Given the pressures of the economy, declining revenues from investments and the increased demands of clients, the question is whether a one-person firm can even survive in today's competitive business environment, much less thrive. The larger firms, with multiple producers and presumably larger budgets, can take full advantage of the economies of scale. But what about small firms? Are they doomed to accept lower profits and less success?

Studies by groups such as Moss Adams suggest that the fate of the one-person shop is to accept defeat, or, at best, lesser profitability. Yet there are one-person firms that have found ways to compete with the big boys by taking innovative approaches, creating unique market deliverables, scaling back or outsourcing operational elements and/or specializing in narrow, highly defined areas of the financial profession.

One of the great leveling areas of financial practices is the Internet. The Web site of a one-person shop can be made to look as polished and sophisticated as that of a much larger financial firm. For this reason, the one-person shop can appear to be so much more than what it is.

Another area of a practice that can make a smaller firm appear larger is the advisor's creative use of outsource partners. There are many things in a financial practice that can be outsourced to give clients a higher level of service and a wider selection of products or to simply make the advisor's operations more efficient, freeing her to do what she does best. Let's take a look at some of these:

Virtual office: In this outsource arrangement, you might decide to work out of your home and then meet clients elsewhere. If you can't meet with them in their own homes or places of business, there is an outsource solution called the virtual office, offered by executive office suite locations that permit the use of meeting room facilities, for instance, on a "use-as-you-go" basis. Such facilities frequently offer additional services such as secretarial help, mail handling and reception, too.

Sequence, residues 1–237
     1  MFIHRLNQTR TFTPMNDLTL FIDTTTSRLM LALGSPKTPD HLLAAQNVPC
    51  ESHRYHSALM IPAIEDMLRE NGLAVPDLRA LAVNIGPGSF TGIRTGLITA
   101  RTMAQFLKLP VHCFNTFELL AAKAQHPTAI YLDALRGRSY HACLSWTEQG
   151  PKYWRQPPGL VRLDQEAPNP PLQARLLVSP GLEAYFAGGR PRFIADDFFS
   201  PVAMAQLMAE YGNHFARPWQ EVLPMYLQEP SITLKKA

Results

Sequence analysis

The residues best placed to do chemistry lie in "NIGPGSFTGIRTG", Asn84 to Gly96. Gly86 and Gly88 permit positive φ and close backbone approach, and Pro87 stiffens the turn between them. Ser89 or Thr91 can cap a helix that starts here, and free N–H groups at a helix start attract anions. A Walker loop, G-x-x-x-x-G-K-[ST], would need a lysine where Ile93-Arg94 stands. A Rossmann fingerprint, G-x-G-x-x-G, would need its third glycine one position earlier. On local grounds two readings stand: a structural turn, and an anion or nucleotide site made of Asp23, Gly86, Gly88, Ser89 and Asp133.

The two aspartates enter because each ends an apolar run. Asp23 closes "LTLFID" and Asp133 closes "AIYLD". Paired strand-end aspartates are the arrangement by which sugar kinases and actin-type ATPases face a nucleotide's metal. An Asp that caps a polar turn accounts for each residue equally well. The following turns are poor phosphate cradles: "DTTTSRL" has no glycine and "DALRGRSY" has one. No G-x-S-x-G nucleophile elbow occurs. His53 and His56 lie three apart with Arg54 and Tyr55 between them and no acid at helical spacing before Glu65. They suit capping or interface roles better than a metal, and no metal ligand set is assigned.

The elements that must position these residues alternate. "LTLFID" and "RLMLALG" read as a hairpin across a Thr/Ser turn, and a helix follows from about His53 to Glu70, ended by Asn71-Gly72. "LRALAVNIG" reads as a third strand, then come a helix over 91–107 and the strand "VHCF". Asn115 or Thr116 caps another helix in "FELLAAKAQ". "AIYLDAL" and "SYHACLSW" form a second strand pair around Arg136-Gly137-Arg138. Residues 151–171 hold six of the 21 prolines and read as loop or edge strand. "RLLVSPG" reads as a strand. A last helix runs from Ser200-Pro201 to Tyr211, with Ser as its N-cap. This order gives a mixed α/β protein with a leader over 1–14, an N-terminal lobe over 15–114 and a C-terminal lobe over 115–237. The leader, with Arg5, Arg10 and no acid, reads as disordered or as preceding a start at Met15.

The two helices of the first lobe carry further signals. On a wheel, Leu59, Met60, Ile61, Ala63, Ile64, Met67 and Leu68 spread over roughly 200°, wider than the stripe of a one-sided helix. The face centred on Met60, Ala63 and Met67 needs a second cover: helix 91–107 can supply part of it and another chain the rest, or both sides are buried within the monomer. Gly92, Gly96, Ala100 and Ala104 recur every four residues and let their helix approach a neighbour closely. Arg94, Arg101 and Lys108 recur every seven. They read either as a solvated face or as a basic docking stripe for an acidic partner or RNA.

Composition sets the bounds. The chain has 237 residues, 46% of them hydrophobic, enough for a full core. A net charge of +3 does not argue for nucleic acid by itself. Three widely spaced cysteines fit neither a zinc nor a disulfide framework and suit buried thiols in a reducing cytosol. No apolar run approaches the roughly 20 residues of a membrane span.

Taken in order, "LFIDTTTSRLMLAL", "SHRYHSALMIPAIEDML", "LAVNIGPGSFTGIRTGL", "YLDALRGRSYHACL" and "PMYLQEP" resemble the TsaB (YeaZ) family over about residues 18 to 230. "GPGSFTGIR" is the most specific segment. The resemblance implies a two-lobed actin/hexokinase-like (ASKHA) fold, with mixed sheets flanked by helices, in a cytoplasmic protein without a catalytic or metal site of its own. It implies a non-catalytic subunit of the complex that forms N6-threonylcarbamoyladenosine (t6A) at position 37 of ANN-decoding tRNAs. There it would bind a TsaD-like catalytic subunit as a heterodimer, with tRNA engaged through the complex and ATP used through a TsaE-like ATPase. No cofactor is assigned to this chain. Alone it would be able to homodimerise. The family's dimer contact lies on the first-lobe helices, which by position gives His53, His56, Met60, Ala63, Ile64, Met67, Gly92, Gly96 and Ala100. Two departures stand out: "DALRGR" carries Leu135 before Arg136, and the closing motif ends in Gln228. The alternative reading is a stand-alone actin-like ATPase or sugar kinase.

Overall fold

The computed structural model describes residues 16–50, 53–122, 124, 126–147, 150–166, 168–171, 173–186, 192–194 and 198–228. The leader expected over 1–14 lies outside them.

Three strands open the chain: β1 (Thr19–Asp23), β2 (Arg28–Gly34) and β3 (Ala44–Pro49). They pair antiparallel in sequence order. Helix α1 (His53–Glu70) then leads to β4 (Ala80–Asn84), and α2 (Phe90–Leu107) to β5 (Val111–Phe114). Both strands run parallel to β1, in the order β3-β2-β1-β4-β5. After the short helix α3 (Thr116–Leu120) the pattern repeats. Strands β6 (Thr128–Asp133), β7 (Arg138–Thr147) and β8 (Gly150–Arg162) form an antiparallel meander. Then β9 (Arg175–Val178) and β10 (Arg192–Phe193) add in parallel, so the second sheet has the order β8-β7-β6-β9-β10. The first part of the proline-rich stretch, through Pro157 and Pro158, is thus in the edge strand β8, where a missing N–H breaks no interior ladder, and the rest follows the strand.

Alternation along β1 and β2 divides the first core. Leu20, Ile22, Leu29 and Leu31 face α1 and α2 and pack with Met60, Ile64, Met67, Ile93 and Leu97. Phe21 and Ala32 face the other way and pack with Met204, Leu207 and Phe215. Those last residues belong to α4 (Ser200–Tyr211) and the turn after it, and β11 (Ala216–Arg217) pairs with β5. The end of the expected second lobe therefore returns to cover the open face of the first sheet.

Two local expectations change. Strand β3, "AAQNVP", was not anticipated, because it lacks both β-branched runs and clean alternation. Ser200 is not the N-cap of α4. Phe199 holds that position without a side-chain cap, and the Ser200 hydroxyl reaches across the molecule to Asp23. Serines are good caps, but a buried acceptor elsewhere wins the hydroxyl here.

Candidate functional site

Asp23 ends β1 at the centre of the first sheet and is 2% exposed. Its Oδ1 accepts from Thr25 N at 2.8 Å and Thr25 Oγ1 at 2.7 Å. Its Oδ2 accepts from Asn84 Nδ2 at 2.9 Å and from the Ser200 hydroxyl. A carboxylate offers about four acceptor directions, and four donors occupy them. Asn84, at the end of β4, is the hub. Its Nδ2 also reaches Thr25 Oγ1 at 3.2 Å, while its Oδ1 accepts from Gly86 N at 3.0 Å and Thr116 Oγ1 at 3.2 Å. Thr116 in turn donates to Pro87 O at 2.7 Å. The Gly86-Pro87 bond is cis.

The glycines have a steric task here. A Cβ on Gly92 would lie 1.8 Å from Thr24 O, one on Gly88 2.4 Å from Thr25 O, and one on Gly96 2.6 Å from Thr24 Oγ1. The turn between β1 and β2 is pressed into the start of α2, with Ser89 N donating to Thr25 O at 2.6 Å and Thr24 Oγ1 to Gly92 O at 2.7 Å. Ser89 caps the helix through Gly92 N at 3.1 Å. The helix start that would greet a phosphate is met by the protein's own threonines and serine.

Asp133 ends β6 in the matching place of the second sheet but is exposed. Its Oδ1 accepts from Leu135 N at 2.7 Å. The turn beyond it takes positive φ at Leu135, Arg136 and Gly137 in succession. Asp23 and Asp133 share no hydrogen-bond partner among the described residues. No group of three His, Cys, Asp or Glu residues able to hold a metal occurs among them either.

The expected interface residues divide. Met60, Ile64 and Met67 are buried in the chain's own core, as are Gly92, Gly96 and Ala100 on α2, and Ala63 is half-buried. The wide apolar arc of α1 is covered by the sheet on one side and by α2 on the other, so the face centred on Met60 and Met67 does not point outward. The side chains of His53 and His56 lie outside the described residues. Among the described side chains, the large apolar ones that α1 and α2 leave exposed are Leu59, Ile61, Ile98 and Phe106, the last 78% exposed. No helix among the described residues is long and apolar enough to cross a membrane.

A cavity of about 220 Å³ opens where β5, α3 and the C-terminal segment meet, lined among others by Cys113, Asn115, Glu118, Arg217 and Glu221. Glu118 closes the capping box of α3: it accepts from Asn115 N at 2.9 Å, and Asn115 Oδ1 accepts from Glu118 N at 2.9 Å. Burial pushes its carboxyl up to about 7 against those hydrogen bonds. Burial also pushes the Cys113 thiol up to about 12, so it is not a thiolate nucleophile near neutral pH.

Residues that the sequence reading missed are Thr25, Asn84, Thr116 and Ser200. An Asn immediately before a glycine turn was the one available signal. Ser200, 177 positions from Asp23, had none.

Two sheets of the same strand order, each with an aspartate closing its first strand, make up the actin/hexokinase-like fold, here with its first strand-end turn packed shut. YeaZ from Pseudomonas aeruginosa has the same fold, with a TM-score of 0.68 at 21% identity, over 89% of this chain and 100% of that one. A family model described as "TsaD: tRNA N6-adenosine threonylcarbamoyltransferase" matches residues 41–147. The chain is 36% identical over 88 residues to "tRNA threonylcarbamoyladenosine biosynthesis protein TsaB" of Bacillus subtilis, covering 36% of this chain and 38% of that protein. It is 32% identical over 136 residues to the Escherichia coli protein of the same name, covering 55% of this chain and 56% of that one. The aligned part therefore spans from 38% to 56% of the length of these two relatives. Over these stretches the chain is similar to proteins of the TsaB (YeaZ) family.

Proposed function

Another twist on the virtual office theme is advisors using online resources for meetings with clients. The use of video conferencing services has grown in popularity in recent years and is a cost-effective alternative to face-to-face meetings. Some might argue that this is not practical for every meeting with a client, but for those clients who live in outlying areas or who might actually prefer video chats, it cuts down on the advisor's travel time and can be performed almost anywhere there is an Internet connection. Services such as Go To Meeting (, Adobe Connect ( and Skype ( offer varying levels of service. (Skype, for example, is a free service, but offers fewer features than the others.)

Video conferencing might help those advisors who have pockets of clients in far-flung areas. An advisor, for instance, who has a group of clients in his or her hometown but also a client nest elsewhere might find the video conferencing service advantageous.

Back office operations: This outsourcing opportunity comes in many sizes and shapes. One of the key questions in outsourcing is figuring out what you want to outsource. It could be elements of your practice that you do not know how to do, do not like to do or simply do not want to do. Outsourcing back office operations could fall into one of those categories. offers a host of services to fit this need. Elsewhere, companies such as Focus Point Solutions (, Financial Services Outsourcing Solutions (, Consider It Done (, Back Office Solutions ( and many others offer an array of different services designed to free the smaller practices from the burden of back office duties.

Technology: Certainly one of the most advertised outsourcing services is technology. Yet outsourcing technology is still often difficult for advisors, not because it's hard to find vendors, but because there are so many offerings to choose from. One relatively new area is Web-based data storage, not simply for backing up data but as a replacement for an advisor's onsite computer server. Many of the most popular software programs for financial advisors are already hosted on the Web with Web-based storage. Everything from client relationship management functions to portfolio management to financial planning can be hosted on the Web with files stored virtually "in the cloud."

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